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February 1985

Whole-Day BP Monitoring in Ambulatory Normotensive Men

Author Affiliations

From the Section of Clinical Pharmacology and Hypertension, Veterans Administration Medical Center, Long Beach, Calif, and the University of California, Irvine.

Arch Intern Med. 1985;145(2):271-274. doi:10.1001/archinte.1985.00360020097017

• Noninvasive automated ambulatory BP monitoring techniques were used to evaluate BP patterns in 34 healthy normotensive men. Daytime BPs (128±12/80±7 mm Hg) were significantly higher and nighttime BP averages (109±11/67±9 mm Hg) were significantly lower than the casual BPs (119±13/76±9 mm Hg) of the subjects studied. On the average, 15.6% of the readings in each tracing showed systolic BPs above 140 mm Hg, and more than 25% of these elevated readings were found in six of the 34 subjects. The average incidence of elevated diastolic BPs (>90 mm Hg) observed during each monitoring period was 14.4%, but six subjects had incidences of more than 25%. The incidence of elevated BP readings was not age related. However, subjects with a family history of hypertension generally had more elevated systolic BPs than those with no family history of hypertension (24% v 9%).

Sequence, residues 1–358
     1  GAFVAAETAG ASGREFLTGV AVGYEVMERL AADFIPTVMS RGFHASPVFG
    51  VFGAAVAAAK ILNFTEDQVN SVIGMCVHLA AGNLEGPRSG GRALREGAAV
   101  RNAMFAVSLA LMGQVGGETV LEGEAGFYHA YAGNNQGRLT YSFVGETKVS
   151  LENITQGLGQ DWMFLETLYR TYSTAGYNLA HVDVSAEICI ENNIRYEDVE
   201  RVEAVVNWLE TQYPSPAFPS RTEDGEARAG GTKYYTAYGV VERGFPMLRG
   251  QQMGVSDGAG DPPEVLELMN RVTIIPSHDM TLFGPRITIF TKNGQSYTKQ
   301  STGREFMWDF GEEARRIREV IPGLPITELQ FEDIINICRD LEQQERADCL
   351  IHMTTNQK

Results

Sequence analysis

(Arch Intern Med 1985;145:271-274)